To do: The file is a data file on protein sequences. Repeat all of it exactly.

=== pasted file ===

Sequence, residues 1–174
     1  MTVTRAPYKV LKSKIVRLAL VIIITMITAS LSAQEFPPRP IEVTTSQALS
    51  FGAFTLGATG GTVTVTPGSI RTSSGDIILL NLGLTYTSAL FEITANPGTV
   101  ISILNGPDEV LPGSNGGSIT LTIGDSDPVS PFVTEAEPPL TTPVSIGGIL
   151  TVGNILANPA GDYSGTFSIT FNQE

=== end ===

Sequence, residues 1–174
     1  MTVTRAPYKV LKSKIVRLAL VIIITMITAS LSAQEFPPRP IEVTTSQALS
    51  FGAFTLGATG GTVTVTPGSI RTSSGDIILL NLGLTYTSAL FEITANPGTV
   101  ISILNGPDEV LPGSNGGSIT LTIGDSDPVS PFVTEAEPPL TTPVSIGGIL
   151  TVGNILANPA GDYSGTFSIT FNQE